The magnetic resonance signal is dependent on the alignment of nuclear spins with respect to an outer magnetic field, much like compass needles in the earth's magnetic field. While all compasses point North in the earth's field, only a very small fraction (≈ 2⋅10-12 %) of the spins of the strongest, stable and most abundant nucleus hydrogen (1H e.g. in water), do so. As a result, the corresponding signal that can be detected is very small. As a spin-1/2 particle, 1H has two energy eigenstates with respect to an outer magnetic field, spin up and spin down. In analogy to the compass: there is a small compass needle in the nucleus of hydrogen atoms pointing North or South, and how many spins point in one or the other direction is governed by the well-known Boltzmann relation (..exp(-E/kT)).
In MR, only the population difference of both states - of spins pointing North and South -  contributes to the signal (called polarization P): P = 1 means maximal population difference - all spins point in one direction - and maximum signal (North or South, depending on the spin); P=0 means no population difference - half point North and half point South - no MR signal (Fig. 1).
Unfortunately, the nuclear compass needles are so small, that in the earth magnetic field of ~ 50 microTesla, both levels are almost equally populated. The difference is only P ≈ 10-10. This means that merely 0.00000001 % of all of the spins are polarized (and thus available to contribute to the signal). This is acceptable in the case of 1H MRI where the lack of polarization is offset by the high endogenous concentration, but for MR applications where one is interested in the relative concentrations of a relatively sparse nucleus (such as a 13C labelled biomarker of cancer), this is too little.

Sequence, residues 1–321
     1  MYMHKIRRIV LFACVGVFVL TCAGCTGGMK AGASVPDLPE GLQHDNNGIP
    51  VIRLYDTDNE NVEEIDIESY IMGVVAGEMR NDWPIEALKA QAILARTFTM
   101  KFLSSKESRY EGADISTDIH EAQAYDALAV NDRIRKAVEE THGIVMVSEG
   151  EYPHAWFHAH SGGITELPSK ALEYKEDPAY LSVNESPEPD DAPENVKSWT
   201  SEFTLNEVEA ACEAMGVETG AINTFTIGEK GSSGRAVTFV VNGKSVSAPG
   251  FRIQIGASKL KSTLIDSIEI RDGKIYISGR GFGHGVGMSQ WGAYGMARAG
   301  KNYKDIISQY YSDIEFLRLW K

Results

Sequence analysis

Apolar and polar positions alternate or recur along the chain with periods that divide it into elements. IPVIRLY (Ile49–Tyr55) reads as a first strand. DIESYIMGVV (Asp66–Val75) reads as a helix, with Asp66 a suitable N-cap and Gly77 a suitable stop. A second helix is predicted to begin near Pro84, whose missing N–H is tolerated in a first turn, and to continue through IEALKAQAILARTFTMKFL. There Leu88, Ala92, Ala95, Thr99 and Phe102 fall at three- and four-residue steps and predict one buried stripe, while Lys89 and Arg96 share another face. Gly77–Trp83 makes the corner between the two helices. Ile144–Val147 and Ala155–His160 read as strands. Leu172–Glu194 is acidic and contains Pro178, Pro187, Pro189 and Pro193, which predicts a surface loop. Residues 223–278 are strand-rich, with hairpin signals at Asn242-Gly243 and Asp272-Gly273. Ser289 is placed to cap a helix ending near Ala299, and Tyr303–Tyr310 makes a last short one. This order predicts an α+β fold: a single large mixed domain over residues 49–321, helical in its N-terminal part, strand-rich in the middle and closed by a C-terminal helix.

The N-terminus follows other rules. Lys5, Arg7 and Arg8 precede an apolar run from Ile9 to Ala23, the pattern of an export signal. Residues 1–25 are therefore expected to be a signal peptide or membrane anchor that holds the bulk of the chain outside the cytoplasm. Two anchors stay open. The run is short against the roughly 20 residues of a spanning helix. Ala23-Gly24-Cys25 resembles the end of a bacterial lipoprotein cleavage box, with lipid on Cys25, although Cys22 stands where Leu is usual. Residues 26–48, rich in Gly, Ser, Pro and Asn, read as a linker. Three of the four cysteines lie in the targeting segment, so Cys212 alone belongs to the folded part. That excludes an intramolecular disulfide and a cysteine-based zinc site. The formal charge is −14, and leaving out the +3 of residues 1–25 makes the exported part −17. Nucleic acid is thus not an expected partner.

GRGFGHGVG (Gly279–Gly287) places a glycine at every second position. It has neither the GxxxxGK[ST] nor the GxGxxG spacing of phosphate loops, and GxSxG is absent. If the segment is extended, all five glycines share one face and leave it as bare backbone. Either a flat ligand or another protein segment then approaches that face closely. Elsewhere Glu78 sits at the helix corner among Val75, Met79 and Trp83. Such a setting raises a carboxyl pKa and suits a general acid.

Modern superconducting magnets providing magnetic fields of several Tesla, ≈105 times as strong as the earth's field, and ≈10 - 100 times as strong as magnets lifting cars on scarp yards. This has enabled MRI to become one of the most versatile tools in modern science and medicine. Still, even with these humongous, strong magnetic fields of several Tesla, only a miniscule fraction (≈3 10-6/T) of all nuclear hydrogen spins are polarized. Thus, MR is an inherently insensitive method.
We are the 99.9997 %
On the other hand, there is a great potential. All exciting and ground-breaking results of MR are achieved using only a few millionths of all spins. What can MR do when 100 % of all spins are available instead of merely 0.0003 % of all spins?
The goal of nuclear hyperpolarization is to access this vast majority of nuclear spins, 99.9997 % of 1H per Tesla, which do not contribute to the signal of conventional magnetic resonance imaging.



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